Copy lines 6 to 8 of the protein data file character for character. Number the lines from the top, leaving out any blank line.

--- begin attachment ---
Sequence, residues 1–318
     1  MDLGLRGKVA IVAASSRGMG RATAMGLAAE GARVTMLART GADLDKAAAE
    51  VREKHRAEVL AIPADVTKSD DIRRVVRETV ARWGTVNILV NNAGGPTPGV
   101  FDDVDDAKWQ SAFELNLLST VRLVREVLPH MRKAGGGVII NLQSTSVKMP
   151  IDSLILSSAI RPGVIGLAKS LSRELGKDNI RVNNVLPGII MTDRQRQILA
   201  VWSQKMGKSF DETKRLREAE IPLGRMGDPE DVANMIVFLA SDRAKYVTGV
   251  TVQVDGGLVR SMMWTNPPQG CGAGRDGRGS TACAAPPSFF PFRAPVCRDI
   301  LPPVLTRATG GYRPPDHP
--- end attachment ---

   201  VWSQKMGKSF DETKRLREAE IPLGRMGDPE DVANMIVFLA SDRAKYVTGV
   251  TVQVDGGLVR SMMWTNPPQG CGAGRDGRGS TACAAPPSFF PFRAPVCRDI
   301  LPPVLTRATG GYRPPDHP